Pressure mapping can help power wheelchair users determine how far back they must tilt their chairs to achieve effective pressure relief. Figure 5 shows a patient in three positions: upright and in a 45 degree and 45 degree tilt with recline. It is clear from the pressure maps that he must do the tilt with recline to get a good pressure release.
Figure 5: Pressure maps from left to right: upright; 45 degree tilt; 45 degree tilt with recline. The tilt with recline gives the best pressure relief in this case.
Pressure mapping helps guide the therapist in making equipment changes. In Figure 6, the simple addition of a wedge-shaped piece of foam provided better contact under the patient's thighs and, as a result, a healthier distribution of pressure, reducing the "hotspots" under the ischial tuberosities. "It is important to have full support under the thighs to distribute pressures away from bony areas. Typically, wheelchair users have more tissue at the back of their legs than they do under the pelvis." Betz said. "If your legs are not well supported, it increases pressure under the pelvis, which could result in a higher risk for a pressure sore there."
Figure 6: Pressure maps show pressure before (top) and after (bottom) adding a wedge to the patient's seating, improving distribution of pressure.
"I use pressure mapping to confirm what I think I already know," Betz said. "It's a fabulous tool and very valuable in making decisions, but there are limitations."
Pressure mapping measures vertical (up-and-down) interface pressure only. It does not measure friction or shear (side-to-side) forces, which can occur during transfers.
"And as most of you are aware, those forces are very major components of skin trauma and compromise. A person can have a beautiful pressure map while sitting still, but every time they transfer out of their chair they bump their rear end on their tire. You need to think about shear and friction as factors in skin health."
Pressure maps also do not measure skin temperature, moisture (from perspiration or urine), or general tissue health, all of which are significant factors in skin breakdown.
Pressure maps never substitute for skin inspection. "You can have an excellent pressure map and still have a skin issue or even a deep pressure wound," Betz noted. Pressure maps aren't a report card and don't tell a permanent story-they just capture a moment in time. "As years go by, our equipment ages, our bodies age, and our posture changes." The skin must be continually checked.
Besides pressure, other factors affecting skin health include nutrition, habits (smoking and drinking), how long a person has been injured (longer time means higher risk), medications, and overall health status.
In addition to wheelchair seating, Betz likes to use PMT for other seating surfaces. "I ask patients who come in with skin issues, 'how much time a day do you spend on your toilet seat? On your shower bench? What about bed positioning?'"
Figure 7 shows a patient with a pressure sore on his tailbone. The pressure map in his wheelchair was fine, Betz said. "But on the toilet seat you can see the problem. We did a simple intervention: we turned the toilet seat around so the opening is in the back instead of the front. We've shifted the pressure onto his hip bones - and we want to watch that - but we've taken the pressure completely off the active wound area."
Figure 7: On the left the high pressure areas are located in the tailbone area, where the patient had an active wound. Turning the toilet seat around (right) takes pressure off the wound.
Bed positioning can be another problem. The patient in Figure 8 has a good pressure map while lying flat. When the head of the bed is elevated, however, there is pressure at the tailbone that could develop into a problem over time. "Even with the best mattresses out there, time spent sitting up in bed should be minimized," Betz said.
Figure 8: Pressure map while lying flat in bed is good (top) but gets worse when back rest is elevated.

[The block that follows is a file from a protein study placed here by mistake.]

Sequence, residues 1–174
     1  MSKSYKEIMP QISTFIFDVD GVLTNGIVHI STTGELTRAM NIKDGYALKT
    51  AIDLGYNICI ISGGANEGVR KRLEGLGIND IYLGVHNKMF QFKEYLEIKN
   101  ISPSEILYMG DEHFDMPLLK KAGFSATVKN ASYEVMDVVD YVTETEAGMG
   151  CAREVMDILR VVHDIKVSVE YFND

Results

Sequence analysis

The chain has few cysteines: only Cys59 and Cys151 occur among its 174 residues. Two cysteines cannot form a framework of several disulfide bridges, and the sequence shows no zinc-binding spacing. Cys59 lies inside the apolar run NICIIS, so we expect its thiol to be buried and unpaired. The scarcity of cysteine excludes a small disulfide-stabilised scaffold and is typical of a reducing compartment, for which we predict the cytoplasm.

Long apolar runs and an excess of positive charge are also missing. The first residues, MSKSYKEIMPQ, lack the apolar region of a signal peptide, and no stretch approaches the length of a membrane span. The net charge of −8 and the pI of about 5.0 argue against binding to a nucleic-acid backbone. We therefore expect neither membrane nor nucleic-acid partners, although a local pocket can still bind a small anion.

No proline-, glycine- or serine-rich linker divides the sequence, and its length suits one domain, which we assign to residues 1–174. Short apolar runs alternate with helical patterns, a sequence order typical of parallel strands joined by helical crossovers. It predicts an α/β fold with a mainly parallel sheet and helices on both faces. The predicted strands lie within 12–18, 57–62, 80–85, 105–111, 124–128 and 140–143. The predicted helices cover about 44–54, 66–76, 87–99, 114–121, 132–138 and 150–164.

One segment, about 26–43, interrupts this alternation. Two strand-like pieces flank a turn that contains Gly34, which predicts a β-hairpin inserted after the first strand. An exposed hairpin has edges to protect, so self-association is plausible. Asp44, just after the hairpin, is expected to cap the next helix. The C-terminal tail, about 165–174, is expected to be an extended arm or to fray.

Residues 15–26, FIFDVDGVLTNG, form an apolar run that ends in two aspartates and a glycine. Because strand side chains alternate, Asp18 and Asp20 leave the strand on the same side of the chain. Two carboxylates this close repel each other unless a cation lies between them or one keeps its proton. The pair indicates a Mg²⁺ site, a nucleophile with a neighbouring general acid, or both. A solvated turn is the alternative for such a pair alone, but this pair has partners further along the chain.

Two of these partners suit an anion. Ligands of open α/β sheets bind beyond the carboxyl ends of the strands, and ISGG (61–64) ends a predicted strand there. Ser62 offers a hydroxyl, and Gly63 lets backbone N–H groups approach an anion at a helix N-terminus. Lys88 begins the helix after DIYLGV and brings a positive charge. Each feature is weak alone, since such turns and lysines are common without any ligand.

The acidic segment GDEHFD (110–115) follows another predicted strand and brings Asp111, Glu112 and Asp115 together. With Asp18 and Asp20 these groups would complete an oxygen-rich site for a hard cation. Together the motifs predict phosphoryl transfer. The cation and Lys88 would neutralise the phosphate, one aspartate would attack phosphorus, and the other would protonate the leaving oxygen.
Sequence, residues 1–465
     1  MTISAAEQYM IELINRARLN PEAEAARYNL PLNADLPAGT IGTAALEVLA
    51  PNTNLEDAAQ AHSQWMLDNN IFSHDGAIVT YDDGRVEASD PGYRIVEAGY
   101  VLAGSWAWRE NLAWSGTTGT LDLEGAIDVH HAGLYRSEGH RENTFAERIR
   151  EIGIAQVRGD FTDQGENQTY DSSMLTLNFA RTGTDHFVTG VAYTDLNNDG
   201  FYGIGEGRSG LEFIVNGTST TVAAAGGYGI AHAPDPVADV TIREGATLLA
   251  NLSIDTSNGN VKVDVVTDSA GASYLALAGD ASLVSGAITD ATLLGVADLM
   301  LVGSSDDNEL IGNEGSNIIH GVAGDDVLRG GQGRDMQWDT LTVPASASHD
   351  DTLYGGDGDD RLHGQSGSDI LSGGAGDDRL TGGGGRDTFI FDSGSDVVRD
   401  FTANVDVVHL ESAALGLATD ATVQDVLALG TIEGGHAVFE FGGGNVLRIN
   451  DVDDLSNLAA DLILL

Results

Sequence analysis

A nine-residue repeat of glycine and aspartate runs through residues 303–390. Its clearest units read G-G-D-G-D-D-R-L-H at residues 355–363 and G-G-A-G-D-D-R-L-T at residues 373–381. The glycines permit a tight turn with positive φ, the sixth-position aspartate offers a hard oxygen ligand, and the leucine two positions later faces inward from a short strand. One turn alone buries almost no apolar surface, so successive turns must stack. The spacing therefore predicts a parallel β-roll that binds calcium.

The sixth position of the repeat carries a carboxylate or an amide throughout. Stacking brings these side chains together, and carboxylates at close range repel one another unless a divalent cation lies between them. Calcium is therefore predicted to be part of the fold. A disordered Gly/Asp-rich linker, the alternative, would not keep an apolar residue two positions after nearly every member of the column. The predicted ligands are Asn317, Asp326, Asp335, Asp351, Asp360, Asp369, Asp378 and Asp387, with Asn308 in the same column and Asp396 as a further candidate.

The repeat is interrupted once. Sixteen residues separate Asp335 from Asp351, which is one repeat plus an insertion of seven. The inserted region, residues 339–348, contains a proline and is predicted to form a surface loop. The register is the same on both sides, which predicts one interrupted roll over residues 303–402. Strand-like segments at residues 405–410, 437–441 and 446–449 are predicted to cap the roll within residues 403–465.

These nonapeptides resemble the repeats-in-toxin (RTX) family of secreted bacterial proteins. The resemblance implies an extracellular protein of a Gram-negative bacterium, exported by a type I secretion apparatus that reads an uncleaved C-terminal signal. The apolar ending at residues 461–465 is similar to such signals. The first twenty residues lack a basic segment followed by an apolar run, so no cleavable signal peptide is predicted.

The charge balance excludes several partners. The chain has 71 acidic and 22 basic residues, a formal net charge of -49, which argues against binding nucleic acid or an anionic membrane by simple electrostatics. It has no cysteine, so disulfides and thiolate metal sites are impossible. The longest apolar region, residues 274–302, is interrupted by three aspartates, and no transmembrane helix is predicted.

Anyone who spends a lot of time in a car needs to be mindful of the vehicle seat. In Figure 9, the client's pressure map looks good in the wheelchair (bottom left), but sitting in the car a hotspot is evident at his tailbone (top right). Betz added a low-profile, air-inflated cushion to his car seat, and the resulting pressure map (bottom right) shows the improvement.
Figure 9: Pressure map in the wheelchair is good. In the car seat there is a red high pressure area (top right) that disappears when a cushion is added (bottom right).
Betz is adamant about airplane seating precautions as well: "Always sit on your cushion! You're in those seats a long time-you're the first one on the plane and the last one off. The airplane seats certainly were not designed for skin protection. Talk to your doctor or therapist about ordering a separate cushion for the plane and/or car and have them justify it (to the insurance company)." The pressure maps in Figure 10 show the client sitting in an airplane seat without a cushion (top) and with a cushion (bottom).
Figure 10: Pressure map while sitting in an airplane seat without a cushion (top) shows high pressure areas (red). Adding a cushion (bottom) reduces pressure on skin.
Betz also pays attention to time spent sitting in sports equipment. In Figure 11 the subject is seated in his handcycle with the standard foam cushion that comes with the equipment (top right). "The pressure map does not look good," Betz pointed out. "And it's difficult to do a pressure release while you're on a ride for several hours." She added a custom cushion to the handcycle seat and the results were excellent.
Figure 11: Pressure maps before (top) and after (bottom) adding a custom cushion to the handcycle seat.
Betz always asks patients about their usual sitting positions. "It's important to know if the way a patient is sitting during pressure mapping is the way he usually sits," she said. Positions such as one leg crossed over the other should be pressure-mapped if substantial time is spent that way.
Wound dressings can cause problems on the very skin they are supposed to protect. In Figure 12, Betz pressure-mapped a patient with and without the dressing. "It turned out the dressing added to the pressure," Betz said. "So if you have a wound that needs a dressing, the best place to be is off your bottom entirely."
Figure 12: Pressure map with (top) and without (bottom) a wound dressing. The dressing adds pressure to the wound.
Betz repeatedly emphasized that nothing should substitute for regular skin inspection. "The skin will not lie," she concluded. "If there's pressure, the skin will be discolored. If not, the skin will be normal. Skin inspection tells the story."